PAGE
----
Tuesday, March 31, 2015

What I've Been Reading: March 2015

Here we are at the end of March, and folks, it's fairly slim pickings. Two of my four titles for the month (yes, only four. Even super-readers have slumps.) were fairly high page-count, and two of them begged to be savored instead of devoured, but in the end, here are my four reads for the month of March.

Crash & Burn, by Lisa Gardner. In this rather creepy suspense novel from Gardner, Nicole Frank crawls free of the wreckage of her crashed SUV, only to find that she has gaping holes in her memory. When her husband tries to help her remember upon arriving at the hospital, Nicole begins to doubt everything he says in addition to the odds and ends she thinks she remembers. It falls to Boston PD Sergeant Wyatt Foster to help Nicole piece the story together, even as he helps her search for a missing girl who may not even exist. While this book was a bit of a slow start, once I got about a third of the way in, the plot took off like a shot and all I could do was hang on to the very twisted ending. I'm a fan.

Caribou Island, by David Vann. I recently came across a review of David Vann's new book (Aquarium, which was released earlier this month) which lauded the author as one of the greatest American novelists of our time. I was admittedly intrigued, because that's a lot to live up to. I picked up Vann's 2012 debut novel, Caribou Island, on audiobook and immediately fell down the rabbit hole. Set in the wilds of Alaska, this is the story of a family pulled apart by rage and regret. Gary feels consistently frustrated and thwarted, mourning thirty years of a life he thought would be different. His wife, Irene, does her best to go along with Gary's latest great project, a cabin built on Caribou Island; dissent only provokes arguments. She can feel Gary pulling away, and even as she tries to keep their family together, her own body begins to betray her with a headache that has no medical cause and that will not respond to medication. Their devoted adult daughter, Rhoda, attempts to maintain the peace, anxious at the increasing strain between her parents and equally worried about the state of her relationship with her fiance, Jim. The book builds to an almost unbearable tension, beautifully written and paced. I am looking forward to more great things from Vann.

The Prince of Tides, by Pat Conroy. Since discovering my love of Conroy's slow, deliberate prose when reading Beach Music a number of years ago, I have made an effort to pace myself with the reading of his work. Since he typically only publishes perhaps two or three times each decade, it has been a challenge for me to be moderate. So I have been reading The Prince of Tides, and savoring it, making it last. I admit I've never seen the movie, so I have come to the novel unspoiled by expectations. This is the story of Tom Wingo and his gifted, troubled twin sister Savannah, spanning decades as they each try in their own way to come to terms with their darkly secretive and extraordinary family legacy. I could talk about my love of Conroy for hours. Note: The audiobook version was read by the late, great Frank Muller. Conroy later said that he was grateful to Muller, because the reading of the novel gave him, Conroy, a version of the book he didn't know had existed.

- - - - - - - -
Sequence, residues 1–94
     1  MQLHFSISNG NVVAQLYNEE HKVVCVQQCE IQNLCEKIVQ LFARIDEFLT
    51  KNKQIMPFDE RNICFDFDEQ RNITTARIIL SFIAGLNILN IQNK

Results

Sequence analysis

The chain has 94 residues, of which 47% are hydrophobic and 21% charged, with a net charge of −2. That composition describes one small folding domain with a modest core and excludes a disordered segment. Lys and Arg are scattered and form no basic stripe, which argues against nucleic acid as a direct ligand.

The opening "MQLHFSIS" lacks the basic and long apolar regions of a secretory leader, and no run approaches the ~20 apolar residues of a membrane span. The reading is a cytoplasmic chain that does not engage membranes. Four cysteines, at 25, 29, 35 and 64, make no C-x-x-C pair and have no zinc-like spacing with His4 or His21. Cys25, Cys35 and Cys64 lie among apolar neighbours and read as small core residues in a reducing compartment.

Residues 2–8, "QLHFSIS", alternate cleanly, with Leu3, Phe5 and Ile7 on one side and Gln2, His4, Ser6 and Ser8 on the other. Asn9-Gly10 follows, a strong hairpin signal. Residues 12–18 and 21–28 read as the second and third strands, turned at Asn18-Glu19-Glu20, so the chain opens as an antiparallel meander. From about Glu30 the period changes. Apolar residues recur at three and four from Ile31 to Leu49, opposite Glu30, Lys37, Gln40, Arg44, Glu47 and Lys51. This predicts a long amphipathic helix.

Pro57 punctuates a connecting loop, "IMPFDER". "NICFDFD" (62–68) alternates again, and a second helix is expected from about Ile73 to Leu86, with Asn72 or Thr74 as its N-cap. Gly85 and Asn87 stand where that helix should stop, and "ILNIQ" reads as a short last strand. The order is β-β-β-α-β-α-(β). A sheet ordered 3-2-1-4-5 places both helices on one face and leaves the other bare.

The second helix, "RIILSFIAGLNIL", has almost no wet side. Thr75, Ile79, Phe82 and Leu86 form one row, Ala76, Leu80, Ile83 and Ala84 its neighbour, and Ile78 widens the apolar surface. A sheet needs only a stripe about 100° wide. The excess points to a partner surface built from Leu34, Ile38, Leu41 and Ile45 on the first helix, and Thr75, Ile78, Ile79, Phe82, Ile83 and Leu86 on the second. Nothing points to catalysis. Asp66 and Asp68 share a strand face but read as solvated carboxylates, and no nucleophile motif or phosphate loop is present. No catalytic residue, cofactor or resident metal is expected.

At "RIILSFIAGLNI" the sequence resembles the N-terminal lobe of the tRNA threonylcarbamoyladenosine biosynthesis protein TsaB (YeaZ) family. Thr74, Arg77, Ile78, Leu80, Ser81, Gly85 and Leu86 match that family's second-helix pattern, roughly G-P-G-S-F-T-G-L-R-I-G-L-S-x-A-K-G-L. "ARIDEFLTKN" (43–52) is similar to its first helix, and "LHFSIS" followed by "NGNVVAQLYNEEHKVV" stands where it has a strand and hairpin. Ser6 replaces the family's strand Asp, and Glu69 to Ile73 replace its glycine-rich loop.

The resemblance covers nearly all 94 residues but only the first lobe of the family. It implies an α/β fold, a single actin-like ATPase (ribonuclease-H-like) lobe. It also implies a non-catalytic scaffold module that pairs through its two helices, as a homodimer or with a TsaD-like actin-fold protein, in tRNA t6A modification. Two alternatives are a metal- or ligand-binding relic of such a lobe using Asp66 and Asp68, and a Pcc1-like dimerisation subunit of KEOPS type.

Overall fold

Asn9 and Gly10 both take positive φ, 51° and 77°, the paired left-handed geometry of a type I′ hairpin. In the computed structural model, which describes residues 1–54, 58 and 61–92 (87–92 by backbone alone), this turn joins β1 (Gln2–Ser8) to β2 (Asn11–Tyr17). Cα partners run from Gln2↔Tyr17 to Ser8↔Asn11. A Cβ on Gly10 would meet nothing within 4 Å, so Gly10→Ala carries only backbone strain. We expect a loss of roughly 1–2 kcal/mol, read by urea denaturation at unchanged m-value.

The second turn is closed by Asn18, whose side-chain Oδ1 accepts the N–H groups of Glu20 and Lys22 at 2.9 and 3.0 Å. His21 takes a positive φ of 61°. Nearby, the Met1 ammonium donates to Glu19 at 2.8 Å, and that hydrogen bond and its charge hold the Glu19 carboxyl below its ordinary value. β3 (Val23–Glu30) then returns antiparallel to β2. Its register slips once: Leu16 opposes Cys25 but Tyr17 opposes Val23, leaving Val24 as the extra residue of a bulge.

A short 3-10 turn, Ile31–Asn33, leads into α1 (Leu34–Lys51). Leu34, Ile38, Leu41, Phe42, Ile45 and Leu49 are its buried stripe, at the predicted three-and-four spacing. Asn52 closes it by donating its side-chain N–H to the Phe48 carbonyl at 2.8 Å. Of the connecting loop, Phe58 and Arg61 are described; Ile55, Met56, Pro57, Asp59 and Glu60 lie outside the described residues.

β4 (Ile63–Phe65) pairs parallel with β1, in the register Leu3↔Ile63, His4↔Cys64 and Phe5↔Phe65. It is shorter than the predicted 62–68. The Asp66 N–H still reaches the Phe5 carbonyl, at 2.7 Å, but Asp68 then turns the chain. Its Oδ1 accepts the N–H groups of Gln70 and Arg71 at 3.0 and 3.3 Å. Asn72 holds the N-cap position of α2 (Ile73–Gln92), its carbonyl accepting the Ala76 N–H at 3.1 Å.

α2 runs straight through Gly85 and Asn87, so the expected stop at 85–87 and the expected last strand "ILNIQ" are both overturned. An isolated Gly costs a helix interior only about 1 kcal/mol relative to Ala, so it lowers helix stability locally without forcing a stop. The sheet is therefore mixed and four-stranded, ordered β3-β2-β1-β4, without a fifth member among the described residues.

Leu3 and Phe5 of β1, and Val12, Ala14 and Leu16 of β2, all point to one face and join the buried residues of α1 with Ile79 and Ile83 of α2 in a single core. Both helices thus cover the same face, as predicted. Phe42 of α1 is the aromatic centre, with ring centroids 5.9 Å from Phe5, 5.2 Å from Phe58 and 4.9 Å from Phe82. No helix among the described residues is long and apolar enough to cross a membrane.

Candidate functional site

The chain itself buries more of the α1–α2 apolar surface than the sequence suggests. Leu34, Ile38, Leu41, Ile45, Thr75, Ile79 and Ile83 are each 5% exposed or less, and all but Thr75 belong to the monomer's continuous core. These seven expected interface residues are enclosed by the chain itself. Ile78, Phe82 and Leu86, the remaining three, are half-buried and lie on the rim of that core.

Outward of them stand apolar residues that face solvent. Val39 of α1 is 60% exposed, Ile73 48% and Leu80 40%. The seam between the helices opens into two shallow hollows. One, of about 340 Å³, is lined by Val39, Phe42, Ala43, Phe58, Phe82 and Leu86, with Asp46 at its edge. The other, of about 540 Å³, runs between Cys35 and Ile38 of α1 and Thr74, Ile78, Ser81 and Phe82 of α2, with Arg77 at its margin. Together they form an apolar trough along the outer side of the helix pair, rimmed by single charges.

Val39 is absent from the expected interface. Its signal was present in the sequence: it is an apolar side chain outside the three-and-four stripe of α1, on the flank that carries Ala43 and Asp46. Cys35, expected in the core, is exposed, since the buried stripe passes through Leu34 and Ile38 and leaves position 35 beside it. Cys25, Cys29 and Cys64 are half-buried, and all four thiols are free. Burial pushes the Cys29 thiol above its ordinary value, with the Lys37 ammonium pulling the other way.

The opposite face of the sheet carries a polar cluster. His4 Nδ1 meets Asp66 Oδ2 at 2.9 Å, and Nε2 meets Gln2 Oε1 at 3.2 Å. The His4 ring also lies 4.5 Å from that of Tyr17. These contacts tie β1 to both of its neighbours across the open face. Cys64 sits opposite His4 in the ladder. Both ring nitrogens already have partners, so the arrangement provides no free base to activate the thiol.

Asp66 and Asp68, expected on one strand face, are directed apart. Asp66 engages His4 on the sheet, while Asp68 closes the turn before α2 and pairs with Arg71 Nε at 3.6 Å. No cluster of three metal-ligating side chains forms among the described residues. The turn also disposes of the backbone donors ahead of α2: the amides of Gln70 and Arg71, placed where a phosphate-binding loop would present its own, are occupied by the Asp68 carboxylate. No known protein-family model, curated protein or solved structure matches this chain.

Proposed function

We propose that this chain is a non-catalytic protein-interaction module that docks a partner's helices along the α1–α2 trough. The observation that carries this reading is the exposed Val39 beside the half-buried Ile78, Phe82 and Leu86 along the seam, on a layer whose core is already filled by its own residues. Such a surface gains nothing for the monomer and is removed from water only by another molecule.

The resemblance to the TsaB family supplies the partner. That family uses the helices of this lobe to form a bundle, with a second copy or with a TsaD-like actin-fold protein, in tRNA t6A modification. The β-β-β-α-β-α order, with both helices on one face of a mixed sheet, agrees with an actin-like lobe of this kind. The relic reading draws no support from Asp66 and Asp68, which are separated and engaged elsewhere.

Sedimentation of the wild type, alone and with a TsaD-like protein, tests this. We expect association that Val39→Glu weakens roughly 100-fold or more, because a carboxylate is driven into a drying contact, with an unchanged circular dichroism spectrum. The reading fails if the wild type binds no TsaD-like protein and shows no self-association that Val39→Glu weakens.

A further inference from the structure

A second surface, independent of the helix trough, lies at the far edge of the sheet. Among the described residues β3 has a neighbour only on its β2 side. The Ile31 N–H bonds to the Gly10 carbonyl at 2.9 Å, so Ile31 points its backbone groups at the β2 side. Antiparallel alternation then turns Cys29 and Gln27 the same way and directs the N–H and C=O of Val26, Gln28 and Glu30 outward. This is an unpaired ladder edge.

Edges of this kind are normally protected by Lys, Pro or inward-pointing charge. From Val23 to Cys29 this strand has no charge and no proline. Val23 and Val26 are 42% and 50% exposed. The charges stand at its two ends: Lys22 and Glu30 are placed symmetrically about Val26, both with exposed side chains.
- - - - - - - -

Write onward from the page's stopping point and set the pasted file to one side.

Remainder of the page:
The Nightingale, by Kristin Hannah. I have to thank my friend Wendy for encouraging me to read this, as she knew I was in a bit of a reading dry spell. I think the spell might be broken. At least, I hope so. And it would be in part because of this deeply emotional novel, set in France during the Nazi occupation during World War II. Two sisters, Vianne and Isabelle, have never been close. Vianne, 10 years Isabelle's senior, enjoys her small, simple life in the Loire Valley. She has a loving husband, a beautiful daughter, and a job teaching at the village school. Isabelle cannot accept what is expected of her--she has been expelled from a number of boarding schools, and now at nearly nineteen, she returns to their emotionally distant father in Paris, only to be shunted off to live with Vianne. As France falls to the German occupation and soldiers are billeted with the sisters, Isabelle finds herself drawn into the French resistance movement, driving another wedge between the sisters. This is a deeply moving story of family ties during a time of crisis, and I thought it was excellent.

Thursday, March 26, 2015

Keeping up with the Jones's, Spring 2015 Edition

Obviously, after 350-something posts here in the last four years, I love to talk about books. And the question I get asked most, in various ways is: "What is everyone reading right now? What's the hot new book? What are you reading right now?" So I figure I can help you out on this score, if you're curious about what your friends and neighbors are reading right now (or about to get their hands on!)--and here's a surprise--some of it isn't just what's on the New York Times' Bestsellers List. Here are the big ten right this very minute.

1. The Girl on the Train, by Paula Hawkins. This year's Gone Girl. After witnessing something shocking, Rachel offers what she knows to the police, and becomes inextricably entwined in what happens next, as well as in the lives of everyone involved. Has she done more harm than good?

2. Mightier Than the Sword, by Jeffrey Archer.  Book five of Archer's hugely popular Clifton Chronicles. Yes, you really should read them in order. Start with Only Time Will Tell.

3. The Nightingale, by Kristin Hannah. An epic love story and family drama set at the dawn of World War II. This is what I am reading right now, at the urging of a friend and fellow book-lover, and I'm so glad I listened to her! You can catch my full review next week in my March recap.